by Paul Brochu, Lead Organizer-NH for the Stamp Stampede
People don’t usually think about Big Money in politics as being an issue at the state level.
Ask about political influence, and eight out of ten New Hampshire voters will tell you that Congress cares more about special interests than about its constituents. Almost two out of three New Hampshire voters support a constitutional amendment to overturn Citizens United.
But almost nobody talks about the problem at our State House.
The budget passed by the House last month was a microcosm of everything that’s wrong with our electoral system. It was endorsed by the state director of Americans for Prosperity – a national advocacy group founded and funded by the Koch brothers. The guy even held a press conference to announce the group’s approval.
The day of the vote, hundreds of New Hampshire residents filled the building, trying to get their legislators to hear them. Trying to avoid cuts to addiction treatment services. Trying to avoid downshifting of state costs to municipalities. Trying to keep federal money that could subsidize 37,000 people’s health insurance through expanded Medicaid. Trying to avoid cuts to all sorts of state services that people in New Hampshire rely on.
The guy from AFP walked right past all those people, as if he didn’t see them. Then the House passed the budget he had endorsed. All those people filling the State House, spilling out onto the sidewalks, didn’t make a bit of difference in the outcome.
According to the National Institute on Money in State Politics, special interests spent about $900,000 on New Hampshire’s 2014 legislative elections – plus an unknown amount in “independent expenditures” and so-called “advocacy” spending. That’s a lot of money.
According to the Institute, one donor – tobacco giant Altria – gave $16,750 to candidates in the 2014 New Hampshire state legislative elections. The biggest recipient? Former House Speaker William O’Brien received $5,000. Surprise, surprise: the House budget turned down $20 million in proposed new tobacco tax revenues.
The Institute’s record show that Altria also gave donations to 14 of New Hampshire’s 24 Senators. Those donations ranged from $500 to $1,000. Is there any hope that new tobacco tax revenues might show up in the Senate budget?
At the local level, we see first-hand the effects of past years’ state budget cuts. Untreated mental illness. Untreated drug addiction. The homeless. People who can’t afford health care. Families who can’t make ends meet.
And now we’re faced with even more cuts. Just to please the guy from AFP? And elected officials’ campaign contributors?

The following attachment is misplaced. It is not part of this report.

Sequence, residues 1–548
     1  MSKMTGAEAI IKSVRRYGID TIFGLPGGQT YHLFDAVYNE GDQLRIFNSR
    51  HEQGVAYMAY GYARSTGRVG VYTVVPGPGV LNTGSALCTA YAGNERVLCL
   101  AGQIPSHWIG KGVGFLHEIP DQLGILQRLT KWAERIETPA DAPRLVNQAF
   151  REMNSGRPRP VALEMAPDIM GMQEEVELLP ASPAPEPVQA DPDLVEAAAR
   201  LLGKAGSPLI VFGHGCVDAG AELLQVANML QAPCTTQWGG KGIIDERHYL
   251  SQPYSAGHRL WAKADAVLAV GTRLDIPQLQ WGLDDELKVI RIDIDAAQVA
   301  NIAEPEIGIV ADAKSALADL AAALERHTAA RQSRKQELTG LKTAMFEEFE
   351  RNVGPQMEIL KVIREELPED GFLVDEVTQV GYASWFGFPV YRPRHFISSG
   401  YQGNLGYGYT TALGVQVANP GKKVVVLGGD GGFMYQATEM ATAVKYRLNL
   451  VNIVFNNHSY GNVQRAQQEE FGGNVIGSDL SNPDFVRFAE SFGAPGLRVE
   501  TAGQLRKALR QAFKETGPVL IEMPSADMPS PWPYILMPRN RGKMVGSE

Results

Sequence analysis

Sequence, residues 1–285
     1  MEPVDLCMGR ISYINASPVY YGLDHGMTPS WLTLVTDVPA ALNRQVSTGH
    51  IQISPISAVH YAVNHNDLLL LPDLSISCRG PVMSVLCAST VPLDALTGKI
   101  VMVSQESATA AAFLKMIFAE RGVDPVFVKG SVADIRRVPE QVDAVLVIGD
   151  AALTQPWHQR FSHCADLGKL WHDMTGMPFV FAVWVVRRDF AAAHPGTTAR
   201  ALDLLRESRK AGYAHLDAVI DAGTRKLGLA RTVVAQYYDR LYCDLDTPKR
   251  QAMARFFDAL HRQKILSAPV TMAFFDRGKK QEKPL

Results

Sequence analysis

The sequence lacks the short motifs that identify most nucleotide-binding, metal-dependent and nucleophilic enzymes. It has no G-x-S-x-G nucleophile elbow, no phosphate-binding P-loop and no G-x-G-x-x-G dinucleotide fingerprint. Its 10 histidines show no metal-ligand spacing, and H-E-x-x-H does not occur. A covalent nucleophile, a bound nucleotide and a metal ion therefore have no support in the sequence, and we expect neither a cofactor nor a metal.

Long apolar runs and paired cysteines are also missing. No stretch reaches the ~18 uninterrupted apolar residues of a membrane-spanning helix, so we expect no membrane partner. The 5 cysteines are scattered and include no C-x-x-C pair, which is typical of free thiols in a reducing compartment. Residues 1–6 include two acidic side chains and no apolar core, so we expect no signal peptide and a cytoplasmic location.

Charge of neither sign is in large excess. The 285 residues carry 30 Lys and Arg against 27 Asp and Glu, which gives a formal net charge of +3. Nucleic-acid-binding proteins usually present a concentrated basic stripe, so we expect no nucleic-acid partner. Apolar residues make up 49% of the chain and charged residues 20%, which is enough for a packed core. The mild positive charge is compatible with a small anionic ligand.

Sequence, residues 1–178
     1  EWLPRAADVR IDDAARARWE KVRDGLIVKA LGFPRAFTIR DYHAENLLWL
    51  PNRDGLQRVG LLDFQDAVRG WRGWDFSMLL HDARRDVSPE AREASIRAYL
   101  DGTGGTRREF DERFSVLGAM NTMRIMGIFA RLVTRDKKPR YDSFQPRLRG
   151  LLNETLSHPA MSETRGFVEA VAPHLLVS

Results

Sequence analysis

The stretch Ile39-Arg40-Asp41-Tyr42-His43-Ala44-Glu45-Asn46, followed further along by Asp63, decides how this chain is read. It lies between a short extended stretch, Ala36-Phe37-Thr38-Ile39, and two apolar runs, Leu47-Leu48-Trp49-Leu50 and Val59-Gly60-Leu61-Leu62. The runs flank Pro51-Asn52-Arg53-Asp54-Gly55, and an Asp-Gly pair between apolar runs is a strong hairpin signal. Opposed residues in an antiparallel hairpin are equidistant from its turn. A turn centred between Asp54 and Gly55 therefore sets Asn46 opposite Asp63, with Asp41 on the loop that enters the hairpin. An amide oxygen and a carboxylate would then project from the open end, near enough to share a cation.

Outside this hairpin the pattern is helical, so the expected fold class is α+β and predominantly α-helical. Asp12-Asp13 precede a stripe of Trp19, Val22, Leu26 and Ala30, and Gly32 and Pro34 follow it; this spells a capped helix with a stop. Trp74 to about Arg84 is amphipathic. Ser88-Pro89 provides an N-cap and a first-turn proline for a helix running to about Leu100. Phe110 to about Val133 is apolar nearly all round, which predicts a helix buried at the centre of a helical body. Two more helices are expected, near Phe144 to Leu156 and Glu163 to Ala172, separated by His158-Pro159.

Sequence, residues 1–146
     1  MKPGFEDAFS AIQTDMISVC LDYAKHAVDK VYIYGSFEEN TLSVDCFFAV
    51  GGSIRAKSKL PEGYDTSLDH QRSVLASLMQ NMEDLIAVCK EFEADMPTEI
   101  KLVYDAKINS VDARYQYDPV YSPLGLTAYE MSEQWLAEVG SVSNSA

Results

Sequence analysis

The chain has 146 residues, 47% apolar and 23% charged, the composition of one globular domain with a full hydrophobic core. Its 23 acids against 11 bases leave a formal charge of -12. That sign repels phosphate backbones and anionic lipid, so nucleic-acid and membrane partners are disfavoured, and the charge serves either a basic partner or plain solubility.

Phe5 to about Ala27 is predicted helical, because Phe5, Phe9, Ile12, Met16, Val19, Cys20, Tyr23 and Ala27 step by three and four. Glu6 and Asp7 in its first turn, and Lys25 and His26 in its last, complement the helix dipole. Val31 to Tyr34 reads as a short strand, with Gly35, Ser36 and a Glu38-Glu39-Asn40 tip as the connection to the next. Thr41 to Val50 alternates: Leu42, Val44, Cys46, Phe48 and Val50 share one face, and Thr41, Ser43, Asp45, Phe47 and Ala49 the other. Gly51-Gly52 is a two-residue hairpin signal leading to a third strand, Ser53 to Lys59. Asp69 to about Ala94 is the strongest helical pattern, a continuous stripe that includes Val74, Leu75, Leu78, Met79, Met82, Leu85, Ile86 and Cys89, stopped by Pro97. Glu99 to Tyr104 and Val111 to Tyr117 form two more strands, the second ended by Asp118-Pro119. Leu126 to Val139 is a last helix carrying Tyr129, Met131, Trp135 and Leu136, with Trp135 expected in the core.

People who are tired of politicians kowtowing to special interests are banding together for a constitutional amendment that would overturn Citizens United. Since our elected leaders seem happy with the status quo, we’re trying to lead from the grassroots level.
Here in New Hampshire, almost 1,000 people have joined StampStampede.org and are legally stamping anti-corruption messages on US currency. We’re turning dollar bills into miniature billboards. Each stamped bill is seen by an estimated 875 people as it circulates through the local economy – spreading the #GetMoneyOut message quickly.
Almost 100 small businesses around the state are hosting “Stamping Stations” where customers can stamp their money and learn more about the problem.
Hundreds of people have joined the New Hampshire Rebellion on its walks to honor Granny D and draw attention to the problem.
People are working with the AFSC’s “Governing Under the Influence” project to get presidential candidates on record about what they will do to get Big Money out of politics.
Sixty-eight municipalities have passed local resolutions seeking a constitutional amendment to overturn Citizens United.
Groups are hosting screenings of John Innis’ movie “Pay to Play.” There are speaking tours about the influence of political donations on federal government spending. Rallies and informal get-togethers. Church congregations are stamping money in their collection plates with “Not to Be Used for Bribing Politicians” stamps from the Stamp Stampede.
And that’s just here in the Granite State.
All around the country, people from both parties are stepping forward and taking grassroots action to reclaim our government.
It’s a huge problem, at the federal level. A recent Sunlight Foundation study of the country’s most politically-active corporations found that for every dollar they spent influencing politics, they got back an average of $760 in government support through tax breaks, federal contracts and other types of subsidies.
Yes, every dollar spent gets them $760 back.
Here in New Hampshire, watching the state budget, it looks like the math is going to be even more impressive. If Altria’s $16,750 in 2014 political donations means that Big Tobacco avoids $20 million in taxes, that would be a 1:1,194 investment-to-return ratio.
While the mentally ill wait for treatment.
And the rest of us wait for representation that’s not beholden to special interests.
The Stamp Stampede is tens of thousands of Americans legally stamping messages on our nation’s currency to #GetMoneyOut of Politics. As more and more stamped money spreads, so will the movement to amend the Constitution and overturn Citizens United.
You can get your own stamp online at www.stampstampede.org. Or, if you’re a member of CWA, you can get a stamp from your LPAT coordinator. The average stamped bill is seen by 875 people – which makes stamping a highly-effective way to get the message out about how money in politics is corrupting our government.
It’s time to #GetMoneyOut of politics and take back our government.